Photographer Sharon Schafer is passionate about how people relate to animals.
In fact, her art, she says, is a “call to action.” She wants people to think about how humans, animals, and nature can co-exist.
Take us back – why did you originally choose animals to paint, draw, and photograph?
“I had always had an interest in animals and wildlife and I got a degree in wildlife biology. But I found whenever I went into the field to work, I always took my sketch book I always had my camera with me. I started seeing that in order to educate the public and really make some changes that by combining the science side of my brain and the art side of my brain, I could achieve what I wanted.”
Tell us how your photography and your painting are intertwined?
“For me it’s totally different, I started out doing photography so I could capture images that I could paint from. I wasn’t about to just grab stuff off the internet and paint from that. Plus, I wanted to see the animals and study them in their natural environment so I would go out and photograph. And when I’m painting it’s a really intimate experience because for two or three weeks I am studying this animal. I’m painting. I’m slowly building up the characteristics and the image that make it what it is.”
One photograph features two rams, up close. One of them appears to be looking right at the camera – right at us. There’s an intimacy. How do you capture these latest images?
“You have to be very lucky. That is one thing that when I started out on this project I wanted to show people images that they had never seen before. My goal was to produce something people hadn’t seen. Reveal it in a different way to them.”
Why did you give the photos an almost studio quality?
“I think I wanted to strip away all distractions. I wanted people to concentrate on the animal. And I also wanted to kind of represent that we have so often removed the habitat for the animal so it was a visual representation of that.”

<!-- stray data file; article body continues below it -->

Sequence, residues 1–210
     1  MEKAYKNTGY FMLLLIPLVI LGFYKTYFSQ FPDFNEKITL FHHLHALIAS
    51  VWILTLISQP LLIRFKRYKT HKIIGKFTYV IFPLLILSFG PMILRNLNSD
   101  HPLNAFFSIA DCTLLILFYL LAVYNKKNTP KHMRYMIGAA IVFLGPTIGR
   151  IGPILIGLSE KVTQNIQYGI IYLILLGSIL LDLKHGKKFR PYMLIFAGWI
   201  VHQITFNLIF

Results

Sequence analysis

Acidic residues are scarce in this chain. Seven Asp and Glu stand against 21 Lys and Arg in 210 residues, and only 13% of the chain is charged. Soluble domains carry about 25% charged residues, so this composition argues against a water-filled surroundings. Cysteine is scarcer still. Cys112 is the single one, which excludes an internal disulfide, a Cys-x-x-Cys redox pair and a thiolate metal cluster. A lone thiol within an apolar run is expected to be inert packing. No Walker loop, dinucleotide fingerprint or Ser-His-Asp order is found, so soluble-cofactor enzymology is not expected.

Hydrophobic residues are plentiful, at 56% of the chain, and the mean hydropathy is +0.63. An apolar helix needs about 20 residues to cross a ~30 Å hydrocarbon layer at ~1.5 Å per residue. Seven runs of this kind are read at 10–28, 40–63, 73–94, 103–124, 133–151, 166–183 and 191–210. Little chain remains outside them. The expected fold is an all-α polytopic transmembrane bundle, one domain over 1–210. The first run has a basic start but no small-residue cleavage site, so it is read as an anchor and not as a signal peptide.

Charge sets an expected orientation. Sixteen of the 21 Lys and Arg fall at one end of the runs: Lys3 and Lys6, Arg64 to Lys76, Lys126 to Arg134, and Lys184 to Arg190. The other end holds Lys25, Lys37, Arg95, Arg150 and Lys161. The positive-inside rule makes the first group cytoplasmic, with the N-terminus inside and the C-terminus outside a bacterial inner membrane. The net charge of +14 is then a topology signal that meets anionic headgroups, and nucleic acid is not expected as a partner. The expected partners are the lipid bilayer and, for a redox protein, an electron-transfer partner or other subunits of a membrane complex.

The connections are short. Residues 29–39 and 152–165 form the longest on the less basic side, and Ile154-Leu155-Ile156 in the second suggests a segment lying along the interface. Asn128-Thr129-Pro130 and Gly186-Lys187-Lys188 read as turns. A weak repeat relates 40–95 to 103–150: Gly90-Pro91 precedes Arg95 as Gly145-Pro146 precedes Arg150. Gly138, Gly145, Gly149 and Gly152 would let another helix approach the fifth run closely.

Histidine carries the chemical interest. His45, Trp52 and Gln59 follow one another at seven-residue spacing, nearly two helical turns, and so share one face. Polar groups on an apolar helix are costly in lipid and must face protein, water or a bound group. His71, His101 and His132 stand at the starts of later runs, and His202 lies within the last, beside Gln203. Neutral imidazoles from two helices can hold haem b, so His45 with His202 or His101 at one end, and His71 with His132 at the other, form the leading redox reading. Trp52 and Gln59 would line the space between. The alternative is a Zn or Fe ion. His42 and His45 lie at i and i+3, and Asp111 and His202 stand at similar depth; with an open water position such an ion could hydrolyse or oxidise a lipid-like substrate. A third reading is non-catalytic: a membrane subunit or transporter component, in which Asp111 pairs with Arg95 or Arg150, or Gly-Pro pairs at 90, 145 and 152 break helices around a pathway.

Are you worried that people might see these, in a way, out of context? If there isn’t the context of wilderness and wild space.
“I am so worried about that because I think what I’m trying to do is offer some unusual discussion. What I’m hoping to do is start a conversation. I would love it if people walked through the show and kind of paused and read the descriptions on each of the images and then discussed it among themselves.”
Beginning Friday, her new photographs of wildlife will be on display at the Nevada State Museum in Las Vegas. The exhibition is titled, "Becoming Animal: Standing Witness For The Sentient Wild."
“I was trying to represent how fragmented the habitat has become through human destruction of the habitat and altering the land. We have started chopping it up into smaller and smaller pieces and the native wildlife just needs the room.”
"At the end of the show, we have kind of a call to action where [those attending the exhibition] can literally take a piece off the wall, there are some small six by seven photographs, they can take one off the wall but in turn they have to leave me promise of something they're going to do. So, we're calling it the promise wall."
Sharon Schafer, wildlife photographer and painter
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